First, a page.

Sunday, March 23, 2008

Sound and vision

I forgot to mention that I got the camera that I have been after for a while, the Nikon D40. I had been mucking around with my Fuji for a year or 2, to see if I could actually take a photo. I am satisfied that I can now, and combining that with a £250 spring offer price-tag, I went for it. This is my first experience of an SLR camera, and I'm completely blown away. I have fallen in love with it, in particular the amazingly versatile lens that comes with the kit: it has an awesome ability to focus really, really close to things. For a depth-of-field freak like me, this is good news, and has allowed me to take this kind of picture (which I never could before):

Talking of Spring, it has been snowing here on-and-off all weekend, which is a good thing. In the UK, we always have one last blast of Winter before the sun comes back. This Easter-time chill means that, in the next couple of weeks, the heat and light will be in evidence. Hopefully this summer is better than last year's damp squib.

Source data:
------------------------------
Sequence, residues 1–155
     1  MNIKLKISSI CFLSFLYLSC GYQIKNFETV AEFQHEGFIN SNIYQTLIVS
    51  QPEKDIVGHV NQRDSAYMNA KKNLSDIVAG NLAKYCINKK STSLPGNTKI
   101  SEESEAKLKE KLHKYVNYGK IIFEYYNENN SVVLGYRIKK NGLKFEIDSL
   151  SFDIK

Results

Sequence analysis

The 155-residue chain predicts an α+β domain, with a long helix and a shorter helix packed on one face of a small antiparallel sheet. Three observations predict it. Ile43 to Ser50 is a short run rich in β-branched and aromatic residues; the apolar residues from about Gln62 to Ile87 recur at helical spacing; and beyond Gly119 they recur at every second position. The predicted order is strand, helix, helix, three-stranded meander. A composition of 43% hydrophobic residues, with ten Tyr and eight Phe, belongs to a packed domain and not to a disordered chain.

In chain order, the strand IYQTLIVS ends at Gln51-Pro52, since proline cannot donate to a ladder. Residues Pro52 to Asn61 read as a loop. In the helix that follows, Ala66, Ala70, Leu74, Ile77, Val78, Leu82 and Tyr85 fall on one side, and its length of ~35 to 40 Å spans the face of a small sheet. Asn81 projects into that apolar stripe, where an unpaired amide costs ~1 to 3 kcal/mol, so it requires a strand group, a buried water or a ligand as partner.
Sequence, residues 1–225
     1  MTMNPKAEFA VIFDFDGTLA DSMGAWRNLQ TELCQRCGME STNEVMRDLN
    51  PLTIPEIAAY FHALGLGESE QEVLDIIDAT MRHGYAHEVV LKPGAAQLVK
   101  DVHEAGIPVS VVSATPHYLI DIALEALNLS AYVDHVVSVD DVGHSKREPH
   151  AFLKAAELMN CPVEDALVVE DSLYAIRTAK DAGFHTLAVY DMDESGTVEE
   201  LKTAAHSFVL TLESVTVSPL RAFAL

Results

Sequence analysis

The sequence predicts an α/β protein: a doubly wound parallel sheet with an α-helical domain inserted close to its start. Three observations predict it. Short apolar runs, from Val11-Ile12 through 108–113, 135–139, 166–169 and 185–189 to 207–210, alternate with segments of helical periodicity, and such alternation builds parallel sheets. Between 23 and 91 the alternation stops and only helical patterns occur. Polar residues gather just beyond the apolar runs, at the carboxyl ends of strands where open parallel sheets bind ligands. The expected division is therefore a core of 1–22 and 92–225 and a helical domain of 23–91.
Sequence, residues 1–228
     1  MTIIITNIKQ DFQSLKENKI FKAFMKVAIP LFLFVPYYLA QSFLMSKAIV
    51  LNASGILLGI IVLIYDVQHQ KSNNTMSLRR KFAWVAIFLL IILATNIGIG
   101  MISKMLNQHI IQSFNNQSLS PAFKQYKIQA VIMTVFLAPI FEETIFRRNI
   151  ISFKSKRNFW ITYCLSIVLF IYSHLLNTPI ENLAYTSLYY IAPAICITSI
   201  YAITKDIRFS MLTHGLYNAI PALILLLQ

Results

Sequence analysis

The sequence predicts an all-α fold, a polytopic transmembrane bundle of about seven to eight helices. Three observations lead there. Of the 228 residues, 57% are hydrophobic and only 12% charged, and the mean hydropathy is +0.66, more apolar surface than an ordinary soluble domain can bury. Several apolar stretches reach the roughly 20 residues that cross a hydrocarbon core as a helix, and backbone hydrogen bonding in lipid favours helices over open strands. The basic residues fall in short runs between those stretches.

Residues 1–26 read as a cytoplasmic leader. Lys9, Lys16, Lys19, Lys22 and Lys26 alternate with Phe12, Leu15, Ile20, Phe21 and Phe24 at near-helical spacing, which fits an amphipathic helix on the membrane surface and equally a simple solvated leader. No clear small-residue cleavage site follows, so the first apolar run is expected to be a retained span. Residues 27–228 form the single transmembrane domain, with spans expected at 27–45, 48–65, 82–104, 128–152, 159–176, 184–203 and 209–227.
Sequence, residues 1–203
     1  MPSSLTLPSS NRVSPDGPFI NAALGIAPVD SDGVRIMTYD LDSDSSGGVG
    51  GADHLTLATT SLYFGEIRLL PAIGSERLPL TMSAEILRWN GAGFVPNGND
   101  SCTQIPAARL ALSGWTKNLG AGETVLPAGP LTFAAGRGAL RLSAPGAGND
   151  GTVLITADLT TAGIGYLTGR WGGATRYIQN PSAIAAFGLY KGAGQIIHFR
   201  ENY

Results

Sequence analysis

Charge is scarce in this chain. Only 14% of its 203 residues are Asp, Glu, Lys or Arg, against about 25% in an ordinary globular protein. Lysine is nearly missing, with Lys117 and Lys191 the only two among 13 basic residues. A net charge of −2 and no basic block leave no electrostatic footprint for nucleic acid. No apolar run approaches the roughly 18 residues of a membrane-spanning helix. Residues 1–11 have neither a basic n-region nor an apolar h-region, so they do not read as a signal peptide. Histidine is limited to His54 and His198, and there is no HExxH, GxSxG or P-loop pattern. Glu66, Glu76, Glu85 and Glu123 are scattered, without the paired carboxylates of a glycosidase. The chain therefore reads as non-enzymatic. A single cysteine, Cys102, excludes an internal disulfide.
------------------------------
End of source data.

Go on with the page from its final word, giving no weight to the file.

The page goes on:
Anyway, to the topic of the post (although the rambling on the camera could count as vision).

This week saw the release of an early contender for album of the year. A concept album about the Delorean car by an indie-dance crossover does not sound too promising, but Stainless Style by Neon Neon is a stunner. Songwriting and much of the vocals come from Gruff Rhys of the Super Furry Animals (an awesome pop-rock group who have been strangely underrated for ages) and tunes comes from electro/hip-hop producer Boom Bip. Spank Rock, Fat Lip, and Har Mar Superstar (in full-on Prince mode) lend a hand. The 80s seem to have come back into fashion as an influence in a big way, and this album is as brazen as it gets. Imagine Depeche Mode-style electro with shimmering production values and a Welsh accent, and you're almost there. I love a bit of electro-pop, and this album (in particular Raquel and Dream Cars) is almost as good as it gets. As a superstar-crossover type album, this is better, and much more consistent, than either of the Gorillaz albums. This album is well worth a listen, and it is going to take something really special if there is to be a better album this year.